Wednesday, 2 January 2013

Homemade Spanish Hot Chocolate!

A few years ago, in another life, I was living in Madrid Spain. I was masquerading as an English teacher but it could be more accurately termed as "rent a friend" to be quite honest, as most of my English lessons I spent listening to my students problems and helping them with psychological difficulties. In turn, they listened to me too and quite often these lessons resulted in true friendships. I was a very diligent teacher, though I'm less sure about how effective I actually was, though luckily all my students were too nice to care. 

One of the best things about living in the centre of Madrid, aside from the night life, which was amazing (it's the only place I've ever encountered a traffic jam at 2am), I got to experience a totally different culinary experience. I grew to love sherry, squid, thrived on Menu del dia and eventually learned to correctly pronounce "cerveceria", though it took a while. During my ten months living in Madrid, I never really mastered the language, though to say I arrived only saying, "hola", I could hold a conversation and make a telephone call in Spanish by the time I left. As always, just before I left I was just starting to settle down there...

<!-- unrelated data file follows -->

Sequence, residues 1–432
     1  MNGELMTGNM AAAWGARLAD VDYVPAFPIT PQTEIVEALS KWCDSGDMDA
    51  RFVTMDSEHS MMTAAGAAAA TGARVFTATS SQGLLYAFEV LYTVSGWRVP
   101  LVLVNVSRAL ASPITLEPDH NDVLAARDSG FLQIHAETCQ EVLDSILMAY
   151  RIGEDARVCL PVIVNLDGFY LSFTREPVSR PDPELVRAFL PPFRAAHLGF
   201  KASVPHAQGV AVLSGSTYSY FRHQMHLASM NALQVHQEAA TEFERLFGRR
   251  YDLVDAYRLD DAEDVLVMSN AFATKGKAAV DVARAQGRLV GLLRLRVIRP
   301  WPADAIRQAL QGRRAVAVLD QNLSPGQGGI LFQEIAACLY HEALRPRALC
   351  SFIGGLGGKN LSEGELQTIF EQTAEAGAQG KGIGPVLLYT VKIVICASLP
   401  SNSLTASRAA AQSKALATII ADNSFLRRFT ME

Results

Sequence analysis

Having lived in Japan the year before, I was desperately craving European fun and food. One of the earliest encounters I had when I started living in Madrid was their amazing Chocolate con churros which is basically a lovely hot drink of pure molten chocolate with lovely doughnuts that are just the right shape to be dipped in. Anyway, my oldest son is a bit down in the dumps today, so I thought I would cheer him up by making my own version of the drink, though obviously adapted to the fact that I never have any ingredients in the house.

1) Heat some milk, do not burn the milk so make sure it's on a low heat. Stir in a table spoon of plain flour.

 
Heated Milk
Alternative ingredient

pouring the contraband into the milk
2) Ideally you should use milk chocolate, but I decided to raid the cupboard and stole the children's white chocolate packs, break it up into small pieces and stir into the milk. (use about 100g of chocolate for every 200ml of milk).
3) Whisk like mad, keep whisking until the drink has thickened sufficiently. It really needs to be as thick as possible to make it really yummy.
4) Go into the fridge and locate some chocolate coins. Grate them on a cheese grater to make a "cappucinoo" type effect. And there you have it! Spoon it into cool and funky cups, and prepare for great things.

 






The end result..thick is best.




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